The Miami Herald (7/21) reports on the difficulty of finding teachers in STEM fields for the Miami-Dade school system. To help make up for that shortage, Florida International University’s FIUTeach program trains and recruits teachers. Professors say they often have to deal with negative “perceptions about the teaching profession.”
Boeing Forecasts 1.2 Million Pilots, Technicians Needed By 2034.
USA Today (7/20, Jones) reports that according to a new forecast by Boeing, “there will be a need for 558,000 new commercial airline pilots and 609,000 new maintenance technicians” by 2034, more than was previously expected. Sherry Carbary, vice president of Boeing Flight Services, said in a statement that “We will continue to increase the amount of training we provide, enabling our customers to satisfy the world’s growing appetite for air travel.” The forecast predicts that the Asia Pacific region will see the greatest demand – needing 226,000 pilots and 238,000 technicians – and Europe next – needing 95,000 pilots and 101,000 technicians – over the next 20 years.
Video Game Helps Stroke Victims To Recover.
The Charleston (SC) Post and Courier (7/20, Shirley) reports on “Duck Duck Punch,” a video game produced by Recovr Inc., “designed to help stroke survivors regain control over their limbs through a series of old school style, shooting gallery-type levels.” The game “helps increase motor function of limbs that have been rendered almost useless by a stroke.” It was developed by Michelle Woodbury, “an occupational therapist at the Medical University of South Carolina,” along with Larry Hodges, “a professor in the Human-Centered Computing Division at Clemson University.” Hodges worked with two students “who were in need of a project.” One of the students was Austen Hayes, who became “co-founder and CEO of Recovr Inc.”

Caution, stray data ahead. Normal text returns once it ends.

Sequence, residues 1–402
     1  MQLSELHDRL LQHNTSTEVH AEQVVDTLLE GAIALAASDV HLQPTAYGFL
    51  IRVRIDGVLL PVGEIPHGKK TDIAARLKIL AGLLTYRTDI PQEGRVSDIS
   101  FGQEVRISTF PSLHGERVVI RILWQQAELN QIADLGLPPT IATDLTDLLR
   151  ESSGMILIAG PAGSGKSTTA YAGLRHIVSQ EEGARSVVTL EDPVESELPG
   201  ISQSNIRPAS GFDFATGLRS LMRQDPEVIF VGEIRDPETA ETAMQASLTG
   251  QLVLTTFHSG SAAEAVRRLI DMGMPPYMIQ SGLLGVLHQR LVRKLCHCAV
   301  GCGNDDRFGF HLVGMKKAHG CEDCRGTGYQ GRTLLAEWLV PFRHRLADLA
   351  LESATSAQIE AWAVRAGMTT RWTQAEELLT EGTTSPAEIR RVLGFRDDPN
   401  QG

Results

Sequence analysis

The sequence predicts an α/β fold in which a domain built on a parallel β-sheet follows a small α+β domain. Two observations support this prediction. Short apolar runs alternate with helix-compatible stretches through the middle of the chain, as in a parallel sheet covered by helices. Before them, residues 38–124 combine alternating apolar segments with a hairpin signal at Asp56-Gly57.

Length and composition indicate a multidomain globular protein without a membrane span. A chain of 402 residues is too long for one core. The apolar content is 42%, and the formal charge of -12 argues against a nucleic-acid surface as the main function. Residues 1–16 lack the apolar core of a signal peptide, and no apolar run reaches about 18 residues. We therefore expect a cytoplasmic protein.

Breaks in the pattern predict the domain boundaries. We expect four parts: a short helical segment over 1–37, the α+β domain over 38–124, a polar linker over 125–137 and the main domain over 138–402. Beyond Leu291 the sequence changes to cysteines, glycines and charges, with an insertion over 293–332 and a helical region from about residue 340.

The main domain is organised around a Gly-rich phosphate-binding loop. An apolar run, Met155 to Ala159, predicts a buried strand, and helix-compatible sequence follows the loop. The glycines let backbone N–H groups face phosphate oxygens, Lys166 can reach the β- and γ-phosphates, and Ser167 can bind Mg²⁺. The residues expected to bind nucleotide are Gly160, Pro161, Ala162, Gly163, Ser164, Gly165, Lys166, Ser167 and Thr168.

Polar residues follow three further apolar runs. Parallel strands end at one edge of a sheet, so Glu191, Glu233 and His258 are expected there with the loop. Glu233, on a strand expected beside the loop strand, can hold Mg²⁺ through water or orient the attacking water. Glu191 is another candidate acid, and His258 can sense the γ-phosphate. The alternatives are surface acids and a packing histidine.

The Greenville (SC) News (7/14, Osby) also reports on the game, saying that Nancy Bunch who had a stroke said that “It was just amazing the strength it gave my arm.”
The Orangeburg (SC) Times And Democrat (7/21) reports the company “has $750,000 in start-up capital from Concepts to Companies and is seeking FDA approval to market the game as a medical device.”GSA Business (7/21) reports that the game is “offering recovery assistance to stroke survivors.”
Lockheed Announces $9 Billion Deal For Sikorsky Helicopters.